I was excited and thrilled to recently read in the Washington Post about the Ford Foundation’s announcement that it has partnered with several foundations and major donors to make available millions of dollars in unrestricted national and regional grants to arts organizations in the communities of People of Color (PoC)! The grants are part of a still-expanding campaign called “America’s Cultural Treasures,” which was initiated by Darren Walker, President of the Ford Foundation. To date, close to $160-million has been raised from 16 foundations and major donors.
A 2015 study of diversity in the arts found that the median budgets of traditionally white cultural organizations were 16 times larger than the median budgets of PoC cultural organizations. “America’s Cultural Treasures” was launched to provide critical funding to organizations that have had a significant impact on America’s cultural landscape, despite historically limited resources, and to honor the diversity of artistic excellence and expression that they represent.
More than a one-time bailout stemming from the near-decimation of these organizations due to the COVID-19 pandemic, the campaign will provide money that will be distributed to the recipients over four years. Mr. Walker told the Washington Post he sees this as an opportunity to narrow the gap between rich, primarily white cultural institutions and their younger, PoC counterparts. Furthermore, he was quoted as saying, “…If we don’t help (the PoC cultural organizations) they will be gone.”
For many cultural institutions, funders and corporations, the murder of George Floyd and the closures prompted by the COVID-19 pandemic brought into crystal clear focus the impact of systemic racism and racial disparities. Not only did Mr. Walker identify the problem, he leveraged his foundation’s resources and his network to take action. The national phase of the campaign consists of $81 million in funding from the Ford Foundation and five other donors: Abrams Foundation, Alice L. Walton Foundation, Bloomberg Philanthropies, Tom and Lisa Blumenthal, and Barbara and Amos Hostetter.
The first round of recipients picked by the Ford Foundation, in consultation with the national donors, are geographically and racially diverse. Look at this list of the 20 organizations selected—it represents the broadest ever recognition of the diversity that is at the very foundation of America’s cultural heritage: Alaska Native Heritage Center, Alvin Ailey American Dance Theater, Apollo Theater, Arab American National Museum, Ballet Hispanico, Charles H. Wright Museum, Dance Theatre of Harlem, East West Players, El Museo del Barrio, Japanese American National Museum, Jazz at Lincoln Center, Museo de Arte de Puerto Rico, Museum of Chinese in the Americas, Museum of Contemporary Native Arts, National Museum of Mexican Art, Penumbra Theatre, Project Row Houses, Studio Museum in Harlem, Urban Bush Women, and Wing Luke Museum of the Asian Pacific American Experience. The $1-million to $6-million grants are unrestricted, so the recipients can use the money in whatever way they deem best.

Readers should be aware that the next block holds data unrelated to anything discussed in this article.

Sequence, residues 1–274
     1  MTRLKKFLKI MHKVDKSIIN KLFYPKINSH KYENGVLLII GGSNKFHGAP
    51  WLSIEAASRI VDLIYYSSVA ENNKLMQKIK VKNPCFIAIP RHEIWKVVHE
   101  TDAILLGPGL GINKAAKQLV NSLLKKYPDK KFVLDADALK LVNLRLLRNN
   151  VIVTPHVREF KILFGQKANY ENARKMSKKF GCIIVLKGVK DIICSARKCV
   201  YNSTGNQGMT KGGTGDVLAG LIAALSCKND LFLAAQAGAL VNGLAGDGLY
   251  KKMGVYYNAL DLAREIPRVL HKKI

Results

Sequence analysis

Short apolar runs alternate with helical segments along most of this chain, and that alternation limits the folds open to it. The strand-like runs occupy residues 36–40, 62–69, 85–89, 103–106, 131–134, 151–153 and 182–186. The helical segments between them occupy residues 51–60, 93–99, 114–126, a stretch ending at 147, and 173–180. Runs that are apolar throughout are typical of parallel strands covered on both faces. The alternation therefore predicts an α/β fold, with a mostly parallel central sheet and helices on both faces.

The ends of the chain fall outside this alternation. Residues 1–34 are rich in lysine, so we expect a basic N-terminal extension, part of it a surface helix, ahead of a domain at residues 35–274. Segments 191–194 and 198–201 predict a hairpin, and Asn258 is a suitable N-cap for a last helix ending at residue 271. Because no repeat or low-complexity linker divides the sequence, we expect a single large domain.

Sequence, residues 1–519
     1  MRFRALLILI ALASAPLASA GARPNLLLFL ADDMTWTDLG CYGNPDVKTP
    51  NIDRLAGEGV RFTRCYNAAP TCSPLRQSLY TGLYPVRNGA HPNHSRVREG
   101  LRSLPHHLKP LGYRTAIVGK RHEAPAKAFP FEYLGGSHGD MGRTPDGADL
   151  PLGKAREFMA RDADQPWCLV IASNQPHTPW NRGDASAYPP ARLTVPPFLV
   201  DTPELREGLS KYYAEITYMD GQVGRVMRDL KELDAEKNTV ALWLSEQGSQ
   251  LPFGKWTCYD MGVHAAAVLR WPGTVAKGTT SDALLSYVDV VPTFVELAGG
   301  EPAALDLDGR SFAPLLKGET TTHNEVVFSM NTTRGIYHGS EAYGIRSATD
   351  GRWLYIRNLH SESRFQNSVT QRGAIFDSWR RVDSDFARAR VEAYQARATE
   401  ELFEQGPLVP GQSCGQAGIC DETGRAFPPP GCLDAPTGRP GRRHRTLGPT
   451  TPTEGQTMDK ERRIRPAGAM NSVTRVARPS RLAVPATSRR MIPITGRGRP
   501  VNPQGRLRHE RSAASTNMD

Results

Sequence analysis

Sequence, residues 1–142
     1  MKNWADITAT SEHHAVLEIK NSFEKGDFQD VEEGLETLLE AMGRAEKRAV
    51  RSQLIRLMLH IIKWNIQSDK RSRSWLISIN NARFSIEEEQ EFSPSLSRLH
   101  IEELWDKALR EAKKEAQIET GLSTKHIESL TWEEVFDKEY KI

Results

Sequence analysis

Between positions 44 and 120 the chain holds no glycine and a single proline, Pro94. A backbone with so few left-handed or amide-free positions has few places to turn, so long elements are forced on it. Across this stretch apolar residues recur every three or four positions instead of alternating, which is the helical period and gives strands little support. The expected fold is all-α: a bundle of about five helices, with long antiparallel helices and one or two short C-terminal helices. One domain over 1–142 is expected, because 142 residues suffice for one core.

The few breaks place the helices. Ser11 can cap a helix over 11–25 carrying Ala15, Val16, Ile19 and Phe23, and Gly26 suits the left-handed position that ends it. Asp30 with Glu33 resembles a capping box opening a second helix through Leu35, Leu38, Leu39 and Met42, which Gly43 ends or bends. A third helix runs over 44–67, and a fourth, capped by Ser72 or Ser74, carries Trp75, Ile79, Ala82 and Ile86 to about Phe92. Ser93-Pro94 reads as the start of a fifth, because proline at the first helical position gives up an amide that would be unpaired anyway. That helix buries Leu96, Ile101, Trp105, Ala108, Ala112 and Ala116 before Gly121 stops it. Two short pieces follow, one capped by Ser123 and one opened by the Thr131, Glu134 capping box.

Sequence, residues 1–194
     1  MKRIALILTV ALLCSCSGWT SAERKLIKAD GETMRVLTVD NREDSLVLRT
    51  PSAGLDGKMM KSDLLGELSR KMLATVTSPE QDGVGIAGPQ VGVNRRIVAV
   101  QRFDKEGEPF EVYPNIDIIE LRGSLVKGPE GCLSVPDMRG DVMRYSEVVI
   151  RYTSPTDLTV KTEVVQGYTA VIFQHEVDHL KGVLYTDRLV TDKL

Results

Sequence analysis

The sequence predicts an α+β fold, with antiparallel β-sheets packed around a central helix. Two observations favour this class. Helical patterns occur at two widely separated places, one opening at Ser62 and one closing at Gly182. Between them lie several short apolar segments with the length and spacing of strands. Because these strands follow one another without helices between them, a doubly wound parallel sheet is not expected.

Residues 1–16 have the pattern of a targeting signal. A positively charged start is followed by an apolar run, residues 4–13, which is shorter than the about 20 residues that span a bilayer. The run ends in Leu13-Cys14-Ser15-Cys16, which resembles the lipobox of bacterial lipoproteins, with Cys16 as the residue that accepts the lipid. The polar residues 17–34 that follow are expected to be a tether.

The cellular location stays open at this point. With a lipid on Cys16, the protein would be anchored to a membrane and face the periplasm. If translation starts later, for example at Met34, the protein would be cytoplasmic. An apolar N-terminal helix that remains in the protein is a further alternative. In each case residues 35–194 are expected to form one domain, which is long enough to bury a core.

During the second phase of the “America’s Cultural Treasures” campaign, numerous foundations will be responsible for fundraising and the creation of individually tailored, regional grantmaking initiatives, which will be seeded by an initial $35 million in support from the Ford Foundation. The regional foundation partners are: The Barr Foundation (Massachusetts), Getty Foundation (Los Angeles), Heinz Endowments (Pittsburgh), Houston Endowment (Houston), John D. & Catherine T. MacArthur Foundation (Chicago), Joyce Foundation (Chicago), McKnight Foundation (Minnesota), the Ralph M. Parsons Foundation (Los Angeles), Terra Foundation for American Art (Chicago), and the William Penn Foundation (Philadelphia). The distribution for the regional grants is expected to take place some time in 2021.
The grants are, in most cases, the largest ever for the 20 recipients in the first round. What is revolutionary about this initiative is that the campaign was designed specifically to address inequality in arts funding and access to resources. I’m just imagining the joy of the recipient organizations hearing such great news, which is providing a lifeline to smaller organizations that don’t have endowments to survive the twin calamities of the COVID-19 pandemic and systemic racism. Now, they have financial support and, instead of closing their doors, it is hoped that these resources can be utilized to sustain their programs and to even plan to attract new donors.
When I think about the future of the arts and what is the way forward, this program is, by far, the leading example. Thank you, Mr. Walker, for your continuous leadership at the Ford Foundation; your deep thinking, and your courageous giving. This grant will transform not only the futures of the chosen PoC arts organizations and institutions, but also reaffirm that they must be preserved because they are indeed “America’s Cultural Treasures.”
As always, I want to know what you think about this announcement. Please leave your comments below.